Finally, someone stated the obvious. Amazon, KDP, and self publishing is just as responsible for the death of books as the poorly run, profit driven corporate NY publishers.

Basically, you all suck, and you’re getting exactly what you deserve.

Bob Mayer

I was quoted in the NY Times article and my concern isn’t Kindle Unlimited. Actually it’s a tool that a smart author has to figure out to use. The flood of content is worrisome but nothing I can do anything about.

As Amazon’s own boss, Jeff Bezos, has said: Complaining is not a business strategy. We deal with it and revise our business plan.

SpringfieldMH

“blockade of Hachette”… I don’t think that word means what you think it does. Perhaps you meant to say not pre-stocking or not discounting…

gobstopped

And “force publishers to reduce the prices of their e-books” should more accurately be “allow Amazon to continue discounting e-books below the publishers’ set price.” Other than these two total inaccuracies, the rest of the characterization was right on. Oh wait– those two inaccuracies are the entire characterization.

GalleryP

I’m not sure the world has changed all that much: What this post seems to miss is that books, like movies (or blogs) are not ONE thing. Let’s face it, most self-published books are awful and not worth much, if anything. That prices for them are in free fall isn’t really a surprise, is it? The supply is nearly unlimited and the demand is weak. What puzzles me is why Amazon seems to think – at least publicly – that even high quality books should be similarly inexpensive.

Deborah Smith

The interesting piece missing from your analysis, which appears to say that authors deserve no better and books are all just products anyhow, is that the corporations who set up these sales systems are raking in fortunes from cheapening the dignity of craftsmanship and throwing away the ideals of fair prices for curated and merited achievement. So authors are becoming just another third-world labor force, like the rest of the low-paid, under-employed American workers in a country that has devalued craftsmanship in as many industries as possible, all so that the jobs pay less, the top echelons get richer, the consumers get cheap, mediocre goods, and the workers get shafted. When Amazon figures out how to hire Chinese writers to produce books for a penny a page, maybe your writing job will be exported, too.

mike

Haven’t books been a commodity for a long, long, long time? Publishers have certainly treated them as such. Most avid readers I know also generally think of them that way.
And while $10/month access to thousands of books might sound new to some I grew up in a town where I could get a free card to a place that had thousands of books they’d let me take for free.
Though I could just see the idea of a library trying to get off the ground today if it wasn’t a part of our historical cultural fabric. Not that being a part of will save them probably.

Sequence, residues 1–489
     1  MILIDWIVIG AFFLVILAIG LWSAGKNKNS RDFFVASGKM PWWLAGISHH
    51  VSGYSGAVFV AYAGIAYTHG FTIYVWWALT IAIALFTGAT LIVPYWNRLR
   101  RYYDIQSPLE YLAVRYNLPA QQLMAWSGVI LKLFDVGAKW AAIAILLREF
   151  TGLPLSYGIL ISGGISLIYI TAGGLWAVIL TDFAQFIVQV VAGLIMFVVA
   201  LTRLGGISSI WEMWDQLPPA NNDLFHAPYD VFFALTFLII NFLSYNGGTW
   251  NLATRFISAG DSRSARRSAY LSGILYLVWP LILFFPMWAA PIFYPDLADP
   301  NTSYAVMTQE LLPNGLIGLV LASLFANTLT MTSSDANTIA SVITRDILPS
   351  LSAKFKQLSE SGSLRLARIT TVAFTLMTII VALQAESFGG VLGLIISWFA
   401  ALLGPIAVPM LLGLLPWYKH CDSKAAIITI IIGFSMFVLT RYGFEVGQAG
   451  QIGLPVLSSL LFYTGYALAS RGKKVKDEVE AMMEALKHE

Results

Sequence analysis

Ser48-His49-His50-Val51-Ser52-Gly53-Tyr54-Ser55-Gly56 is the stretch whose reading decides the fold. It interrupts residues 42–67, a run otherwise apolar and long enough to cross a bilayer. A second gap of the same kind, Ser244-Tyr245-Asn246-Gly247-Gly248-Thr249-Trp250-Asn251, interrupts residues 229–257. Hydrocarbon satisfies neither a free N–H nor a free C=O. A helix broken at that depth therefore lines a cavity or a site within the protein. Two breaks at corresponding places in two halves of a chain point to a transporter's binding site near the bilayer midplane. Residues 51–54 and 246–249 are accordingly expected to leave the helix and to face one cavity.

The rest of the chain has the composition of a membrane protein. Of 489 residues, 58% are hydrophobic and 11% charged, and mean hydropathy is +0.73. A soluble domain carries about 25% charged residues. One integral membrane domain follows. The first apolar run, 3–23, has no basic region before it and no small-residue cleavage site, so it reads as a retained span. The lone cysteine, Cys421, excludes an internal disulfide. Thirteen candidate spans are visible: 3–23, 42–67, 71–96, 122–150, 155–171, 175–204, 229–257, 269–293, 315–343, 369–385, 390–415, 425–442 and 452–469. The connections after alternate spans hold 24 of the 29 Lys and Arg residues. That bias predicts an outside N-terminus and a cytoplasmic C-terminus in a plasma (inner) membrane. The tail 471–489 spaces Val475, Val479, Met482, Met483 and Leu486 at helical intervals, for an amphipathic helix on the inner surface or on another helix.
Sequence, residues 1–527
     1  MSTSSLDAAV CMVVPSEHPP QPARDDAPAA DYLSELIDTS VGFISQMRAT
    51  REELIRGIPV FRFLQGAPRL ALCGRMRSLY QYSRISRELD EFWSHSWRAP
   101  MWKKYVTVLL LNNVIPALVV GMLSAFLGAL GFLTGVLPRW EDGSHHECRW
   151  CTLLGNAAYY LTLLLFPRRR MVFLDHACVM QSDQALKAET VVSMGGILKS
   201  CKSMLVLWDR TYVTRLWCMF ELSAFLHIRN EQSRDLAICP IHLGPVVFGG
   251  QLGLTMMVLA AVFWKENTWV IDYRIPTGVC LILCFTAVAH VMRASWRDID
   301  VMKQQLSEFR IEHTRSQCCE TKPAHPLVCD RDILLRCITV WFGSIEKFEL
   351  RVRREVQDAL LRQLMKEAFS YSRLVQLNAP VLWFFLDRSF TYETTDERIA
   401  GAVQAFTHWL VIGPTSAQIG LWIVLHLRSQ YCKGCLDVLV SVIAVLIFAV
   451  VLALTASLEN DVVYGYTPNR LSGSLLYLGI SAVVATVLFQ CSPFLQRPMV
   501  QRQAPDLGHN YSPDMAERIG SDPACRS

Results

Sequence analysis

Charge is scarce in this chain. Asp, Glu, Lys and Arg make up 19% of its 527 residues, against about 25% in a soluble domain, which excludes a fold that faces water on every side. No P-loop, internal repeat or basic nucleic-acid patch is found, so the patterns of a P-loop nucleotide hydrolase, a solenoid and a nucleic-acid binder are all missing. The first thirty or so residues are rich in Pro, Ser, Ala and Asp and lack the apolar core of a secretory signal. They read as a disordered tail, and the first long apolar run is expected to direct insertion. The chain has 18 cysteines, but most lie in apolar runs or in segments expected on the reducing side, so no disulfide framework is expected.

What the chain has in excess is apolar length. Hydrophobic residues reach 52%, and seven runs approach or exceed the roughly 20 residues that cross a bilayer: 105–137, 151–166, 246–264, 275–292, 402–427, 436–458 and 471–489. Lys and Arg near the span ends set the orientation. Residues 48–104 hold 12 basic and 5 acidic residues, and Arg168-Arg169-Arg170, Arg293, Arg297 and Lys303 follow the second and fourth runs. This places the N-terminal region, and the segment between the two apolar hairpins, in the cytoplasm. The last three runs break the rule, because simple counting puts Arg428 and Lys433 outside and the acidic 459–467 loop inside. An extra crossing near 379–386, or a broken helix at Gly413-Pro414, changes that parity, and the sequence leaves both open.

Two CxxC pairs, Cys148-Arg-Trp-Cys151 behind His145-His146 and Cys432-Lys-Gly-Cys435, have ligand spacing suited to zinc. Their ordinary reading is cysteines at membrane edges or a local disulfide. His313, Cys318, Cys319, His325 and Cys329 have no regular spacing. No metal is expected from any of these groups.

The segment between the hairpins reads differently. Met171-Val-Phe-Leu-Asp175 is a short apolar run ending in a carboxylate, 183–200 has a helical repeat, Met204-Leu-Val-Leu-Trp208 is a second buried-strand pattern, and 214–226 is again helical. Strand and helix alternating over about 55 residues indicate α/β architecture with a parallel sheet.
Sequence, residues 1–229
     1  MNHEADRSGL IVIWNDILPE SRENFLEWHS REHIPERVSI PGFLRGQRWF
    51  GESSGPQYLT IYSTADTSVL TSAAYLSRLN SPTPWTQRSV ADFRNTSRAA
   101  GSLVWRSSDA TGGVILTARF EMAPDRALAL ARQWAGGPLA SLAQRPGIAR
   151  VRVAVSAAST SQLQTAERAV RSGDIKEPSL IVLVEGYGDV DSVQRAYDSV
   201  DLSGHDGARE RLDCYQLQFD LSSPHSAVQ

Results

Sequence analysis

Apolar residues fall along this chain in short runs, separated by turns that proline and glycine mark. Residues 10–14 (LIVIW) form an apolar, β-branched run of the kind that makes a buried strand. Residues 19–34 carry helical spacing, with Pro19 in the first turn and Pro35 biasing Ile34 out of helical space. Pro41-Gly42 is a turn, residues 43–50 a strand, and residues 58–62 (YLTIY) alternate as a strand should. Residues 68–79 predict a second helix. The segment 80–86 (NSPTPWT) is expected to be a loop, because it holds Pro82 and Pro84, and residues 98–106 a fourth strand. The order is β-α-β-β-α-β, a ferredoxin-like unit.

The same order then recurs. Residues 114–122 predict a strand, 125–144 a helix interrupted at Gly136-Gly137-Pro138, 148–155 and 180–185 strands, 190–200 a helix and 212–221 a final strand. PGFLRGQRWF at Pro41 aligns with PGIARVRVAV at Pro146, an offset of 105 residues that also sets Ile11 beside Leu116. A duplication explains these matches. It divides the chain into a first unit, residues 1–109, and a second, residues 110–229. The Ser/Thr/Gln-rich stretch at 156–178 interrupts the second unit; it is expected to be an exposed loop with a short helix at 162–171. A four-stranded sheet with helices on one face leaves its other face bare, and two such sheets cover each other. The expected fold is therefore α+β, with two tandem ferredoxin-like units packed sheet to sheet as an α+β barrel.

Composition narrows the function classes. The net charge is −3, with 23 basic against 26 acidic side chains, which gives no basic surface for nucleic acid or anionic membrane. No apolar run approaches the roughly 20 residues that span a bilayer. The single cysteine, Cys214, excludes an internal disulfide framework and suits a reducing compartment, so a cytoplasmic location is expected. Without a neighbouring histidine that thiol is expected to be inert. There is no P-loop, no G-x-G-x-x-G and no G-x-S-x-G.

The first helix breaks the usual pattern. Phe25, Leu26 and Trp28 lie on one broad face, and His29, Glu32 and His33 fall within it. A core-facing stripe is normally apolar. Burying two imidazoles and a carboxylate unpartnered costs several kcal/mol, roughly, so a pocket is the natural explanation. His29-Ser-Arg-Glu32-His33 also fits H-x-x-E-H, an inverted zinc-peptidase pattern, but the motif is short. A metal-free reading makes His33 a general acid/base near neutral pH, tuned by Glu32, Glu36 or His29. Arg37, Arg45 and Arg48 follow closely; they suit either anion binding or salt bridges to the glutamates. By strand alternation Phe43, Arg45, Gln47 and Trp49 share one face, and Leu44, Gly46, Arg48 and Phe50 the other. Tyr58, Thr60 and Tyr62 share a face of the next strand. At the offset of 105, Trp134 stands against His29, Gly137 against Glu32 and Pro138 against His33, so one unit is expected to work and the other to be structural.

But just imagine the lawsuits from the much beleagured Author’s Guild or the publishing houses. Not to mention the crappy patent lawsuits which would probably show up to.
In the end the internet and computer technologies have democratized publishing and we should expect greatly increased competition from that. This implies a plummeting of average readership and average earnings.
In the end some few authors will be recognized and well read and well rewarded. Some who deserve such success won’t find it. And some who do find it will perplex almost everyone as to why exactly. So in other words, nothing new at all really. Much ado about nothing.

Ian Lamont

I am an active participant on Kboards, the forum used by many independent authors. I would like to offer a slightly different perspective on the timeline of events. When Kindle Unlimited first launched last summer, most commenters did not seem particularly concerned, even though Amazon made it clear that reimbursements were from a relatively small fund and almost by definition there would be cannibalization of digital sales. It was only in the fall, after the trends on payments and sales became obvious, that authors began to sound the alarm about KU killing sales.

The other problem with KU is the exclusivity requirement — if you want to have your ebook in KU, you can’t sell it anywhere else. This was already an issue with KDP “Select,” the self-publishing program that feeds titles into KU and grants other marketing benefits, but the sales fiasco under the new KU regime has made it clear that the KDP Select authors are further disadvantaged by the fact that they can’t sell their titles via iTunes, Nook, Google Play, etc. This gives authors two reasons for steering clear of KU — terrible payouts and no alternative marketplaces to turn to when the checks from Amazon dry up.

Ian Lamont
Publisher, In 30 Minutes guides
@ilamont

Daniel Vian

The problem with “curation” or other kinds of gatekeepers in traditonal publishing is that the people in traditional publishing are for the most part a bunch of Englsh majors whose contact with reality is limited to the fantasies of Jane Austen and Henry James. Anyone who thinks the future is NOT ebooks in a different writing/publishing world is using a crystal ball covered by smoke. Business and publishing models of various kinds will continue to be tried in the same way they were tried after the invention of the printing press. So what? The important thing is that authors need to understand that new technology changes culture and only rarely the other way around. Like any biological species, authors as a species need to adapt or perish.